Belfast Opera House shock as funding cut by £110k
Orchestra and MAC are big winners in shake-up
The Grand Opera House's chief executive has said he was "extremely disappointed" after the shock revelation that £110,000 will be slashed from its annual funding.
The cut - representing a 22% reduction in its subsidy - is a hammer blow to the Belfast venue, which only learned of its magnitude in a letter from the Arts Council of Northern Ireland.
Ian Wilson said he and chair of the Grand Opera House Trust Colin Loughran have requested an urgent meeting with the Arts Council to discuss the rationale behind the decision".
Mr Wilson voiced his concerns yesterday just moments after the Arts Council publicly announced annual funding worth £13.1m for 100 arts groups, down from 107.
His fears were echoed by the CEO of the Playhouse in Derry, which faces a cut of £20,000, and the West Belfast Festival, which has been told it will suffer a £21,000 loss.
The Arts Council said that "of the 100 organisations offered annual funding, the majority (57) received standstill funding or uplifts while the remainder received reduced funding".
It added: "This year's budget allocation for the arts from government follows a pattern of successive reductions in public funding for the arts of £23m over the last six years."
The big winners in the 2018/19 round of funding were the Ulster Orchestra Society, which gets a boost of £393,000, and The MAC in Belfast, with a hike of £198,000 to its annual subsidy.
Other organisations given a financial lift include the Ulster Youth Choir (up £21,000), Ulster Youth Orchestra (£10,000), and Moving on Music (with £29,000).
In response to the cut faced by the Grand Opera House, Mr Wilson said that "although a reduction in funding was expected", there was no indication as to its extent.
"It's extremely disappointing that Arts Council has resolved to reduce its annual subsidy to the Grand Opera House Trust by £108,407 to £375,880 for the 2018/2019 financial year. This represents a 22% cut in funding compared to 2017/18," he said.
"The Arts Council did not give the Grand Opera House Trust advance notice of the scale of the cut and the news was received by letter.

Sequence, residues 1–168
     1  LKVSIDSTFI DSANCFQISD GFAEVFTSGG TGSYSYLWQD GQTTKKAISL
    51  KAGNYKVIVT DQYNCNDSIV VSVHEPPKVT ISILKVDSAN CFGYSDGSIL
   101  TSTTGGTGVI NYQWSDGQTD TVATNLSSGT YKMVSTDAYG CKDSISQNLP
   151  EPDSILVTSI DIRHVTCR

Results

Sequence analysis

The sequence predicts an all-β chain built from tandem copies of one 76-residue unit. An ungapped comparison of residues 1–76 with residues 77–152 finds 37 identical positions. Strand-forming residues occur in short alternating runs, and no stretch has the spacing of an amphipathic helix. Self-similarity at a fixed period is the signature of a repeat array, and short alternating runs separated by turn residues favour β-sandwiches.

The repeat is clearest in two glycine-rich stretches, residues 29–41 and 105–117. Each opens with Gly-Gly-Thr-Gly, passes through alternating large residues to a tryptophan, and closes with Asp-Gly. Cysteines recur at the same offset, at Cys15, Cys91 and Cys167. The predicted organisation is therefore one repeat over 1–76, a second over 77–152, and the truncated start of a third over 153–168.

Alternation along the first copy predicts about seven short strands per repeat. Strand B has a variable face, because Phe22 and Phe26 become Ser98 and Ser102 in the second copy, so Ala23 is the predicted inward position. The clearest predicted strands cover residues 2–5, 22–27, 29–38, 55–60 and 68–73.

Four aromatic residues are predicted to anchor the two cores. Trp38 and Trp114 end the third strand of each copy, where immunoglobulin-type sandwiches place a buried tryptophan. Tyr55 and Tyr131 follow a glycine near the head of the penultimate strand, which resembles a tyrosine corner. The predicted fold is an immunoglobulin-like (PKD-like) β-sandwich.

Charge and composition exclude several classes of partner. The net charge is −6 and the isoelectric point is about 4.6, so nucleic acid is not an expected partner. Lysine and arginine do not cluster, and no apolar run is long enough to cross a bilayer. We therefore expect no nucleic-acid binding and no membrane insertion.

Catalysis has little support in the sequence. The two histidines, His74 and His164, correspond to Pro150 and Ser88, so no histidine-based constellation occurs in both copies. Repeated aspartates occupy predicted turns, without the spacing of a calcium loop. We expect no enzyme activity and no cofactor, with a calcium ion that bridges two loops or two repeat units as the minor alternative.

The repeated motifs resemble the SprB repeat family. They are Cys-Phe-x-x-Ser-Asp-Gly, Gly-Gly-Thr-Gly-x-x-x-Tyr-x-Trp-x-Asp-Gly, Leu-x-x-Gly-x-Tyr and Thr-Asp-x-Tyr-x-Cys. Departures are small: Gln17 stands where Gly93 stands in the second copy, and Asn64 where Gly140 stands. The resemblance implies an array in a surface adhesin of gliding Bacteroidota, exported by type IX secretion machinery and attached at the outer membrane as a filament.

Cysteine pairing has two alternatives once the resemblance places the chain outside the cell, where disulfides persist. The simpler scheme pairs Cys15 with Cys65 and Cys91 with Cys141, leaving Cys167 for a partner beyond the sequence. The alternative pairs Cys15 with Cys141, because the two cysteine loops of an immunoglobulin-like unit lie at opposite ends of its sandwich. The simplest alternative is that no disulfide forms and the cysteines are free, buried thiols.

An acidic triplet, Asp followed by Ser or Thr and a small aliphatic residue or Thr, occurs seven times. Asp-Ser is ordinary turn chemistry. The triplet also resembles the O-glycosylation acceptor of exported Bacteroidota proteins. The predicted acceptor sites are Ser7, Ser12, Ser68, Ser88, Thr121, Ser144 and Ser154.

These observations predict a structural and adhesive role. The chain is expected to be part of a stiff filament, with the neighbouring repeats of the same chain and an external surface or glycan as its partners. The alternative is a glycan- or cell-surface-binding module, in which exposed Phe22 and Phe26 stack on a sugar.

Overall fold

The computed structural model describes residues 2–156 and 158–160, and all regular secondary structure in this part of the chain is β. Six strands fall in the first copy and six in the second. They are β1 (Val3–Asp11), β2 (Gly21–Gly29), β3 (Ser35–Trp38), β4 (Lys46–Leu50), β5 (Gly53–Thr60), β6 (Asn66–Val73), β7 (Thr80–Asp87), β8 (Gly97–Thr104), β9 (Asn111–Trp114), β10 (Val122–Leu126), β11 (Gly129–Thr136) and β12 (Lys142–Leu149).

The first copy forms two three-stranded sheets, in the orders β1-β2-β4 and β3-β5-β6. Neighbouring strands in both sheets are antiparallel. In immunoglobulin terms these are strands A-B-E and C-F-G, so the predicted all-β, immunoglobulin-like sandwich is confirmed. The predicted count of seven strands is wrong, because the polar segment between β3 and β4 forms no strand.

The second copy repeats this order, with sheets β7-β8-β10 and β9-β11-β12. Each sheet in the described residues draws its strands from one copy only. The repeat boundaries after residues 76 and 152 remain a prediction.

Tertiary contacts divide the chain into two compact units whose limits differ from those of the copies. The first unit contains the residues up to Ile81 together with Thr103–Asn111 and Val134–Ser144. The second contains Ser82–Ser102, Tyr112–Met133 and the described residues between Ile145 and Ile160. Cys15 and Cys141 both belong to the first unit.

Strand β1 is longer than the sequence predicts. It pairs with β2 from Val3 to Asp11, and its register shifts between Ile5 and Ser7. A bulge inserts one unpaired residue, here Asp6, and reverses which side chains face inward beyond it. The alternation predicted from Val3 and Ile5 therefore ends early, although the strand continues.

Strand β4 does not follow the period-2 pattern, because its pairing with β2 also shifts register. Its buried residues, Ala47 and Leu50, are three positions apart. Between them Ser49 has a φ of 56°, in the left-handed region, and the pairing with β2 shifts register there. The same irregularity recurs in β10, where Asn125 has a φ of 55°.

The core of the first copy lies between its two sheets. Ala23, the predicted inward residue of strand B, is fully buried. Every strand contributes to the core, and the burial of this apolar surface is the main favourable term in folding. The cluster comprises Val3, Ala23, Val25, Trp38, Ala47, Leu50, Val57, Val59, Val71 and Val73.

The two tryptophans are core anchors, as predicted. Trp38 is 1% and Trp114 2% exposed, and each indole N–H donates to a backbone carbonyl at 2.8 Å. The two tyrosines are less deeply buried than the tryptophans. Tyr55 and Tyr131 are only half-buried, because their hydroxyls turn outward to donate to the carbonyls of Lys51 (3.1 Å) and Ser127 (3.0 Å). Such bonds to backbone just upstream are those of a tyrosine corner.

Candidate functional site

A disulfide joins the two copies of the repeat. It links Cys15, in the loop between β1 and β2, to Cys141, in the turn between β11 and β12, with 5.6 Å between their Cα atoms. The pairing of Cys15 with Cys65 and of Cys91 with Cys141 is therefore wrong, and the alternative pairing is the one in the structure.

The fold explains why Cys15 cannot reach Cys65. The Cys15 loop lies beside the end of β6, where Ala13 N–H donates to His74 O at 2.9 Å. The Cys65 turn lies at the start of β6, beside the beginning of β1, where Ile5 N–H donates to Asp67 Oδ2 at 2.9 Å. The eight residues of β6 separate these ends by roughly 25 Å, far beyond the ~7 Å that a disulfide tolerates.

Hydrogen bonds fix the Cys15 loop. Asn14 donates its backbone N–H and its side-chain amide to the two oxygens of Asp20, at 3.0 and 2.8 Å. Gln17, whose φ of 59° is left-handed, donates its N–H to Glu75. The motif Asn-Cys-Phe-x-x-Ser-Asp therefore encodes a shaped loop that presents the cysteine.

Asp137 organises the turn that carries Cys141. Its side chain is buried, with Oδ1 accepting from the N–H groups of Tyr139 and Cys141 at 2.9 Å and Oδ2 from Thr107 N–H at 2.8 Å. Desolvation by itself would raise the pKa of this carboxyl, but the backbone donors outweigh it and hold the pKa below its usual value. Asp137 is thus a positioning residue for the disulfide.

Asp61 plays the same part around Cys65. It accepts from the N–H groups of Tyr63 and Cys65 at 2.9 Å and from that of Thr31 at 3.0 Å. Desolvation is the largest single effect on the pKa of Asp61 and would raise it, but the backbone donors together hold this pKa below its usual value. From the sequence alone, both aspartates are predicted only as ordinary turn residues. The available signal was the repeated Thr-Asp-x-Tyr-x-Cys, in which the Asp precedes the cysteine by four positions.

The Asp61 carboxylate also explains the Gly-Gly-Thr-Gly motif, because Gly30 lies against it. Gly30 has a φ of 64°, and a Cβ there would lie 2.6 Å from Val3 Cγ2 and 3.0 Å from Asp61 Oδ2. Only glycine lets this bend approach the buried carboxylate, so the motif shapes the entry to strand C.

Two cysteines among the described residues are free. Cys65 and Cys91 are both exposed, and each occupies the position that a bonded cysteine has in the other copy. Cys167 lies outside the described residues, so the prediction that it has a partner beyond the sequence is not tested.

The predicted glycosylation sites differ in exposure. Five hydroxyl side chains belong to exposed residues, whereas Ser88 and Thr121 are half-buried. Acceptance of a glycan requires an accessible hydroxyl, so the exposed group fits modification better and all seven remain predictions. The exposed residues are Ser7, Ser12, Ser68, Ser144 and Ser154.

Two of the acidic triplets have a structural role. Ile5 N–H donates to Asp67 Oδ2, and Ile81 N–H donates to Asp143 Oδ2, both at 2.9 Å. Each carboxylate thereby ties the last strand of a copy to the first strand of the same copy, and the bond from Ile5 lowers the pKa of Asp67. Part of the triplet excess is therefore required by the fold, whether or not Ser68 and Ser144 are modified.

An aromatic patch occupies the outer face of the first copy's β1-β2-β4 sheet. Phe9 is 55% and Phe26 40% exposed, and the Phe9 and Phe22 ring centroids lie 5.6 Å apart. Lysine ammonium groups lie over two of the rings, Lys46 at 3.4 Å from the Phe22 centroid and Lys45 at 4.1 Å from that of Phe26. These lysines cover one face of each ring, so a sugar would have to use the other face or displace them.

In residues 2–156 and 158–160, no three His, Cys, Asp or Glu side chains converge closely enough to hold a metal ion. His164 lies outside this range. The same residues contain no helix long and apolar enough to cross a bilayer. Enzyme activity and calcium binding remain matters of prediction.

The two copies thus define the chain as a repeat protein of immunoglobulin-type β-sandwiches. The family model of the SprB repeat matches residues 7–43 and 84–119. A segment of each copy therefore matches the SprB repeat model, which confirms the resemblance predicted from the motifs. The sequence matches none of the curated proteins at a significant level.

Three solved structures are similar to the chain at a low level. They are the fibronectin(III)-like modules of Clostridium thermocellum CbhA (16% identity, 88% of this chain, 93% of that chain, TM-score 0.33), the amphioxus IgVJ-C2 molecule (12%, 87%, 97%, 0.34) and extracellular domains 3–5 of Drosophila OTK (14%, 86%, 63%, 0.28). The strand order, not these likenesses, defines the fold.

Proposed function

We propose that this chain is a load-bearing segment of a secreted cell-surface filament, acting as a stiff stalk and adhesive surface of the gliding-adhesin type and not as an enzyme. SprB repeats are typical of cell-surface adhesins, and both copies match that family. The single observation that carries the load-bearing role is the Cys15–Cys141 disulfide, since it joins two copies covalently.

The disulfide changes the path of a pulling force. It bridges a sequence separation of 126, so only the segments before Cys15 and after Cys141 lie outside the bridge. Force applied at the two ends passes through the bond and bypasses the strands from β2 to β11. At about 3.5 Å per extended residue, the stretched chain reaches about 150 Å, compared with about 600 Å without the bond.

"In spite of this cut, the Grand Opera House Trust will continue to prioritise the presentation of world-class live theatre appealing to the widest possible range of audiences, alongside creating a community engagement programme involving all its constituent communities and providing top-quality opportunities for the development of Northern Ireland talent and potential."
Feile an Phobail director Kevin Gamble said he feared its £21,000 reduction in funds "will negatively impact on the local community".
"We are very disappointed to hear the news today that many organisations, including ourselves, have received a cut in funding from the Arts Council for the incoming financial year," he said.
"We are particularly disappointed that we are facing such a cut in this, our 30th celebration year.
"This will undoubtedly have a detrimental impact in our programme delivery."
Playhouse CEO Niall McCaughan said he was "sincerely disappointed that their grant offer from Arts Council of Northern Ireland for 18/19 has been reduced by £20,000".
"This represents an 8% cut in our annual budget and a cut on an already diminished baseline Northern budget, which has shrunk by 30% in the last five years alone," he added.
"This cut may signal the final blow for some organisations and have a serious detrimental effect on the output of others.
"We simply cannot continue to 'do more with less'."
Arts Council chair John Edmund said the £13.1m total "includes an additional allocation from the Department for Communities who responded to business cases made in 2017 to directly support two key arts organisations, the MAC and the Ulster Orchestra, both of which successfully demonstrated they are structurally underfunded".
He added that "within the context of reducing public funding across government, the board had to make the difficult decision to reduce the number of annually funded organisations while protecting the balance of arts forms for the year ahead".
Mr Edmund also said that "all applications received for annual funding this year were eligible, but there simply weren't the resources to fund all that was asked for. The majority of organisations were offered standstill funding or strategic uplifts, while the remainder received cuts".
In response to a Belfast Telegraph question about a perceived shift in resources from popular arts to highbrow, such as The MAC and Ulster Orchestra, a spokeswoman said "elitism is a charge the Arts Council refutes".
She added: "We aim to ensure that everyone has access to the arts, from popular arts to classical music. All of our funded organisations are held to account in order to demonstrate their outreach and inclusivity and to increase access to audiences."